“We’ll make you the most-read newspaper in the world.” — Eddy Cue’s elevator pitch.
From Vanity Fair: “ARE WE AT A PARTY, OR A WAKE?” posted Monday on Apple News+.
That more or less sums up the schizophrenic reactions to the launch of Apple News+, which is the latest—and arguably the most consequential—entrant in a series of newfangled platform-publisher experiments ranging from Facebook Instant Articles, to Snapchat Discover, to Google Amp. On the one hand, publications throughout the industry have either moved, or are moving, toward revenue models in which people pay them directly for what they’re reading online. Apple’s new venture can give publications like these the opportunity to reach millions of Apple consumers who might not already be subscribing to their content…
On the other hand, by getting on board with Apple News+, you run the risk of abdicating your direct relationship with readers and potentially cannibalizing your existing subscriber pool, thereby handing more leverage to an ever-more-powerful platform economy that has already wreaked havoc on journalism and the news business… In a searing takedown of Apple News+ published by one of its own partner publications, TechCrunch, Josh Constine argued that “publishers are crazy to jump into bed with Apple News+… Publishers hope they’ll get exposure to new audiences. But any potential new or existing direct subscriber to a publisher will no longer be willing to pay a healthy monthly fee to occasionally access that top content while supporting the rest of the newsroom. They’ll just cherry pick what they want via News+, and Apple will shave off a few cents for the publisher while owning all the data, customer relationship and power.”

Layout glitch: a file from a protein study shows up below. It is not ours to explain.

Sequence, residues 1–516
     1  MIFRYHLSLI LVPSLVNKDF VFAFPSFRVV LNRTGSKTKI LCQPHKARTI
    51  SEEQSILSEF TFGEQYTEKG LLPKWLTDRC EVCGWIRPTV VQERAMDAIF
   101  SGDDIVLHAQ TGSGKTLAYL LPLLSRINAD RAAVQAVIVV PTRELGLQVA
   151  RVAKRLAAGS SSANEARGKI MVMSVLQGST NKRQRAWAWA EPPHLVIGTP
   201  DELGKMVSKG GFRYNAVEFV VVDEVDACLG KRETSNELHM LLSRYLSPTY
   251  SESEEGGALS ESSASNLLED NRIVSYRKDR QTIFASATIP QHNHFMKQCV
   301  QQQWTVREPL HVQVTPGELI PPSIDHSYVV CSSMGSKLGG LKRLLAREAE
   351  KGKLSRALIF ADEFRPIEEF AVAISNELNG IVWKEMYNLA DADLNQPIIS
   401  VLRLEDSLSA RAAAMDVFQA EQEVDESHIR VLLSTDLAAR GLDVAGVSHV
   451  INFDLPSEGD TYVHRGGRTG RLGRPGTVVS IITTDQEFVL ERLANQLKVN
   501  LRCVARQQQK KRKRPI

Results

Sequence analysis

That would appear to be the primary concern of the two major News+ holdouts: The New York Times and The Washington Post. Apple badly wanted to lock down at least one of them, and it began a vigorous courtship of the papers last spring, not long after the Texture deal closed and Apple’s plans for its content bundle were beginning to materialize, according to people familiar with the matter. “They put a tremendous amount of pressure on,” one source said. “Eddy Cue was in and out of their offices really trying to woo them.” Cue’s elevator pitch, according to people familiar with the discussions, was, “We’ll make you the most-read newspaper in the world.”
My take: No print publication—not even the Times and Post—is negotiating from a position of strength.